One of the many important life skills a teenager needs to learn is money management. As a parent, you want to raise a successful and independent future adult. Teaching money management intentionally is crucial to your teens ability to be a successful adult. Read more
Most people are familiar with the concept of a yard sale: you go through your home and collect everything you no longer want or need, then you sell it on your front lawn.
This past weekend was a well known regional yard sale in my area. It’s basically 140 miles of yard sales from Virginia to North Carolina. This was both a good thing and a bad thing, as I’ve learned. There is a higher volume of traffic but also a lot of other sales, too.
Financial anxiety is a term used to described the overwhelming sense of panic related to money problems. Almost everyone experiences some form of financial anxiety from time to time. It takes on many different forms: an unexpected emergency, a forgotten bill auto-drafting, losing your wallet, or a reduction in hours at work.
Money makes us all crazy. So how do you deal with financial anxiety? Read more
Budgeting isn’t the most fun activity ever but it’s very important to accomplishing your financial goals. If you don’t have a budget, you’re basically shooting blindly at your future. Trust me, there are better ways to go about it.
I’ve created a list of important do’s and don’ts of budgeting to help guide you through the minefield of budgeting. Read more
I started to include this a previous post, Making Better Financial Choices, but it made it way too dense. Today we’re going to be looking at how to develop strong financial goals.
Types of Goals
There are typically 3 groups of goals: Short-term, Mid-term, and Long-term. I break them like this:
Short-term goals can be completed in less than 2 years.
Mid-term goals will take somewhere between 2 & 4 years to complete.
Long-term goals will take 4 or more years to complete.
This has been a crazy three months. I can’t believe my first quarter blogging is almost over! It’s been a blur!
I started this blog on Valentine’s Day after about 3 months of contemplation. I originally had kind of a general idea of what I wanted to write about, like my journey towards becoming debt-free, why dogs are incredible, and information about mental health. But I wanted to feel restricted in what I wrote, so I threw myself into the lifestyle umbrella.
I came up with a weekly schedule for posting (Money, Wednesday, and Friday). I started out with some theme days: What I’m Reading Wednesday and Friday Favorites. After I got more comfortable (and switched to handwriting my posts first), I shifted to writing lengthier posts with fewer theme days.
Then I decided to do a series about the different pieces that go into creating a successful debt repayment plan. I might have done it a little early into my blog, but that’s okay. I’m trig to decide if I should turn it into an email course or a workbook. Feedback is appreciated!
I am a journal junkie; a persistent planner; an obsessive organizer. And I love a good planner. I’ve been using a planner for the majority of my life, starting with the free planners my middle school gave out to all students. With that being said, I did not develop a strong planning skill set, or the ability to make my planner work for me, until I reached college (I got better in high school but I still had friends that reminded me when assignments were due).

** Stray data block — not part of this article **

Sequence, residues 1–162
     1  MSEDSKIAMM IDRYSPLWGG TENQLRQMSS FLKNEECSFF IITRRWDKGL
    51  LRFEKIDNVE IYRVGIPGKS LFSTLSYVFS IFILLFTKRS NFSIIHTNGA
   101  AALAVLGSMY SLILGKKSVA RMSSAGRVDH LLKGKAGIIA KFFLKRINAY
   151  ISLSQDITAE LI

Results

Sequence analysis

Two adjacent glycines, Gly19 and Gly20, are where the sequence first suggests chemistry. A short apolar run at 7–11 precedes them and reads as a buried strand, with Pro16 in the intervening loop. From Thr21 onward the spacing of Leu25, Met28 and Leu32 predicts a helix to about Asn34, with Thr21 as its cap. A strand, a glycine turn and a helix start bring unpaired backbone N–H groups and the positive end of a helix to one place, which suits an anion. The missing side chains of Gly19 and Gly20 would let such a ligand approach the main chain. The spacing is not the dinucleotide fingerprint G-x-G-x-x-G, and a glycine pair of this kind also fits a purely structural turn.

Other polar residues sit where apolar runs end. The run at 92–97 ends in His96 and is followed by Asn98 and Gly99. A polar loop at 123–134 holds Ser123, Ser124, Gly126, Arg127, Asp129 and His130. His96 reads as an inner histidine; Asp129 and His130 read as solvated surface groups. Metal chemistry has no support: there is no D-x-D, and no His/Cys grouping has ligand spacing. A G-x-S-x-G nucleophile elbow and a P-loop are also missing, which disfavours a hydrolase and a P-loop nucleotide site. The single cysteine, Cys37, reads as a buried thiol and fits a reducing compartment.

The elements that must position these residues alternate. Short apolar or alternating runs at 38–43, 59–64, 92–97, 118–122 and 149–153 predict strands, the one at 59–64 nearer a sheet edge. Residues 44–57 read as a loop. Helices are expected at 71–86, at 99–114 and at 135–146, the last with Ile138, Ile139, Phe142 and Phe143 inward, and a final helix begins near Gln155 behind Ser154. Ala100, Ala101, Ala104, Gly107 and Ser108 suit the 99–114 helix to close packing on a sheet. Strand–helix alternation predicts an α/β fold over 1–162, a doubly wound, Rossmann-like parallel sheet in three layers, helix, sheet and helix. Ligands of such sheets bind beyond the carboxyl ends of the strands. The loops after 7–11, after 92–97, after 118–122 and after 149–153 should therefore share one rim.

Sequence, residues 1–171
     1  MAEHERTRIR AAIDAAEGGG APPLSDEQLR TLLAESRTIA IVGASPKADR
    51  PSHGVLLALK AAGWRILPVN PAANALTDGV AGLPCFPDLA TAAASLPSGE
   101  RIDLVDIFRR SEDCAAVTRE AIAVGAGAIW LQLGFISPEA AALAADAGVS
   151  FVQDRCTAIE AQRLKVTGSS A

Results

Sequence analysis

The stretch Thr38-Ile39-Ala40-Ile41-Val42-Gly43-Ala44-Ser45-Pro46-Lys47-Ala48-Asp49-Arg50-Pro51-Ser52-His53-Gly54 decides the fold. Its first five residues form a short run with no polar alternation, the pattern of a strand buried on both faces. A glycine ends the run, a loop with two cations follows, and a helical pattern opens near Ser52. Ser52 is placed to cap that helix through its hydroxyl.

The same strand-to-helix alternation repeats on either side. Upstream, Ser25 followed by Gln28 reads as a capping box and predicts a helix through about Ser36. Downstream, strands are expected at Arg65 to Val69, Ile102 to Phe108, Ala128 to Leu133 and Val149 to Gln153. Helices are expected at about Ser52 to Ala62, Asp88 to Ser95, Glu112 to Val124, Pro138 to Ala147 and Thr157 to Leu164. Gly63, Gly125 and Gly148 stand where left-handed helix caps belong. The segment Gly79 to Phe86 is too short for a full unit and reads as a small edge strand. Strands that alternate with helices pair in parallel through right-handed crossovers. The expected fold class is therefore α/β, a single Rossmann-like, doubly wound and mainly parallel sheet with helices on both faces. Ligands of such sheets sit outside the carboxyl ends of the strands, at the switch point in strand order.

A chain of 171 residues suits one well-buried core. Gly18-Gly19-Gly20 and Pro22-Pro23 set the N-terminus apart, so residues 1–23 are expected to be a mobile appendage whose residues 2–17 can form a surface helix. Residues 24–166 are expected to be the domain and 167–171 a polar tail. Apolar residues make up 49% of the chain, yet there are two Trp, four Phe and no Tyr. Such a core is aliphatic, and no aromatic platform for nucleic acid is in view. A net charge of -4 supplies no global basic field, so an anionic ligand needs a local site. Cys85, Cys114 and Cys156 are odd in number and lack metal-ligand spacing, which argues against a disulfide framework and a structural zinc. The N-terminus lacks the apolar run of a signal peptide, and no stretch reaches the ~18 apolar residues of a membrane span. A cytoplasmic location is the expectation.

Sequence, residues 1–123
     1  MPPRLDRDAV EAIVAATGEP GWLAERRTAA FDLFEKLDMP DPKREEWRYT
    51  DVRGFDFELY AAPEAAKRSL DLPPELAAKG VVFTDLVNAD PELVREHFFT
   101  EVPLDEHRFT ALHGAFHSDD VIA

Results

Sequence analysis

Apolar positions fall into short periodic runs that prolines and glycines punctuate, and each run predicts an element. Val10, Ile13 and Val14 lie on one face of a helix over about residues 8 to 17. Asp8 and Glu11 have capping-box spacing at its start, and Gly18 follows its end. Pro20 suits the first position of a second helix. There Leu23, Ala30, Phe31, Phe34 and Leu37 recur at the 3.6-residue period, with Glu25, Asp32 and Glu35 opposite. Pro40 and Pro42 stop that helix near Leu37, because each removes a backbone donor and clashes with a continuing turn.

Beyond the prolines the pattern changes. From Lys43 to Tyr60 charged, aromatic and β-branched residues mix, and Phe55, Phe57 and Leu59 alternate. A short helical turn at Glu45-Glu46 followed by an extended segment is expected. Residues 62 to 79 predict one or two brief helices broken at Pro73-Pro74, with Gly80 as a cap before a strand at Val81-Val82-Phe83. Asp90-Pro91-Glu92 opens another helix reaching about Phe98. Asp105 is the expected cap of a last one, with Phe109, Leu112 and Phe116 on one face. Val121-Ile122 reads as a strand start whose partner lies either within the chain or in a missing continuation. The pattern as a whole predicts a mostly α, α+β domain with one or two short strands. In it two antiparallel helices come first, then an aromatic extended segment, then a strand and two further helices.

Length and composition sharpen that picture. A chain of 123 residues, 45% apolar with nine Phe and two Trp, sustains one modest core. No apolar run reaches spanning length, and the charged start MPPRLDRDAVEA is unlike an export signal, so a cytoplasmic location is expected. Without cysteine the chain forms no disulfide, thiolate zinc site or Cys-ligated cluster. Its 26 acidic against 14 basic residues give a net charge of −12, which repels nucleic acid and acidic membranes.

College was a huge learning curve for me. During the beginning of my college career, I tried a couple different ways to keep myself organized. I also failed miserably for a while. One reason I failed was because I was trying too many things all at once. But the real reason I failed was because I tried to go digital. Now don’t get me wrong – going digital is great, for some people. I’m just not one of them. Once I figured out writing things down works best for me, I was able to make a much more effective system.
So without further ado, here’s a look into some of my favorite paper and printable planners:
Welcome to this week’s list of articles I’m reading. Today’s list is obviously geared towards the other 20-somethings, but if that number doesn’t apply to you, you are definitely still welcome! Everything in today’s list could be beneficial to just about anyone.
This list is primarily finance-related, but there’s some other good stuff thrown in! Read more
There is a lot of support for the Snowball Method, including an abundance of success stories of people using this method to pay off their debt. But what about the Avalanche Method?
When you search for “Avalanche Method” or “Debt Avalanche,” there are very few articles solely about this method. The majority of what you will find are comparisons to the Snowball Method. Why is that the case?
These are things I frequently think to myself when I’m looking at Pinterest or Googling pay-down techniques. I love the Avalanche Method and it’s worked very well for me over the past two years.
Have you ever heard of the Brain Dump? If not, you are seriously missing out on a magical tool to reduce your level of stress and increase productivity.
I frequently have about 25+ things running through my mind at any given time: chores, things I need to do, recipes to try, things I need to buy, post ideas, things I need to get/do for the dogs, general ideas, etc.
I can’t even imagine how it is for you parents out there! Read more